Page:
“This isn’t archive footage anymore”: Recent Representations of Records in Motion Pictures

Eleanor Mattern, University of Pittsburgh Lindsay Mattock, University of Pittsburgh

Archivists who followed the Best Picture Nominees for the 2013 Academy Awards would have noticed there was a recurring character – records. The winning film, Argo depicts the rescue of six American hostages during the Iran Hostage Crisis. Lincoln, praised for Daniel Day Lewis’s portrayal of the Sixteenth President, presents a look at Abraham Lincoln’s Presidency during the passage of the Thirteenth Amendment. The most controversial of the three, Zero Dark Thirty chronicles the events leading to the capture of Osama bin Laden. While archivists and archival repositories are absent from these three films, records and records creation play a central role in the development of each of the stories.

This poster will analyze the depiction of records and records creation in these three films through the use of the framework proposed by Barbara Craig and James O’Toole in their analysis of representations of records in art. Craig and O’Toole argue that the way in which records are depicted can lead to an understanding of how the creators and audiences of art understand records, suggesting that these representations may further our understanding of the “cultural penetration of archives.” The authors suggest that in art, records are depicted in a number of ways: as props, as representations of specific documents, as the central subject, and as information objects that are created and used. We add to Craig and O’Toole’s framework additional categories: the integration of original documentation into the films themselves, and the use of source material that has an affective influence on the mise-en-scene. More than merely representing documentation that may exist, as moving images these films make use of archival footage of the depicted events.

Software Preservation Network: Ensuring Long-term Access to Proprietary File Formats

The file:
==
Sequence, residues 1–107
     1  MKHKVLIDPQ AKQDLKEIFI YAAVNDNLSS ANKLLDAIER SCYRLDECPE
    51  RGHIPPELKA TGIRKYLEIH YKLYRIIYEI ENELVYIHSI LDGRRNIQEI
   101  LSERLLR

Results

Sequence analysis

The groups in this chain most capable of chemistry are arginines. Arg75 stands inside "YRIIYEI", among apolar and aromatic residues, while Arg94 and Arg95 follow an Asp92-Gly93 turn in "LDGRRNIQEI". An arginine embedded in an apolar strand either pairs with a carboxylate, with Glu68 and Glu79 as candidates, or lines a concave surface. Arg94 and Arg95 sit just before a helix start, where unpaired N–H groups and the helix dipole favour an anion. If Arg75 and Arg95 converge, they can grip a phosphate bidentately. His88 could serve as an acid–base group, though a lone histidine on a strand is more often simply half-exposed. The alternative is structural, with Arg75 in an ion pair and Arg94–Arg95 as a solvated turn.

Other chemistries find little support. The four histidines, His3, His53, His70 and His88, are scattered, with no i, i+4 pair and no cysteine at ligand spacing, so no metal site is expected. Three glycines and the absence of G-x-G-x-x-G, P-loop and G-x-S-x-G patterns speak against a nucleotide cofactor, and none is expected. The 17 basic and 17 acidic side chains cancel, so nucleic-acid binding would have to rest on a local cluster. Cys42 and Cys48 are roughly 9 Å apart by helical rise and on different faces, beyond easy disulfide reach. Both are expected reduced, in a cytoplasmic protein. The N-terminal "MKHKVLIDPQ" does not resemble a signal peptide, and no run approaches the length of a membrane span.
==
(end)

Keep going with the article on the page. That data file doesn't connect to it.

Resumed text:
Jessica Meyerson, University of Texas at Austin

Proprietary file formats are an obstacle to access for born-digital electronic record within cultural repositories across the country. Though contemporary third-party tools have broadened access to some proprietary formats, many file formats cannot be accessed (and, thus, appraised) without using the original, proprietary software application that created them. To address this issue, the author proposes a model for a Software Preservation Network, which expands on existing preservation network models like LOCKSS. The author will report on work in this area and local software round-up/recycling activities. Key questions to consider include: What legal challenges and opportunities face a software preservation network? What types of metadata should archivists use to document software use requirements, and what are the appropriate parameters for network membership? How can we systematically identify orphaned software? How do we begin a dialogue between cultural heritage repositories and the software industry?

Curriculum Development for Archives and Records Management in Thailand: The Challenge of an Emerging Profession

Waraporn Poolsatitiwat, University of Liverpool

The curriculum currently taught in universities in Thailand needs to be developed to “meet the characteristics of the new global professional and the new knowledge economy” (Pimpa 2011, p.275). It is necessary to propose a model for curriculum development suitable for preparing new professionals in an evolving area of professional practice like archives and records management. However, to success in this aim, the following factors have to be considered.

All curricula taught in Thai tertiary institutions must be developed to comply with the Thai Qualification Framework for Higher Education (TQF) by 2013 (Ministry of Education, 2009). It is a major factor that may shape the model of curriculum to be used in most universities in Thailand after 2013.

The model for understanding professional learning proposed by Reid, Dahlgren, Petocz, and Dahlgren (2011) identified the crucial elements for transferring from graduate to working professional. Their concepts of (1) knowledge for professional, (2) learning for work, (3) professional identity, and (4) professional pedagogies are highly relevant in designing study programmes for professional education. To date, they have not been applied in archives and records management; nor have they been considered in the context of Thailand and East Asia.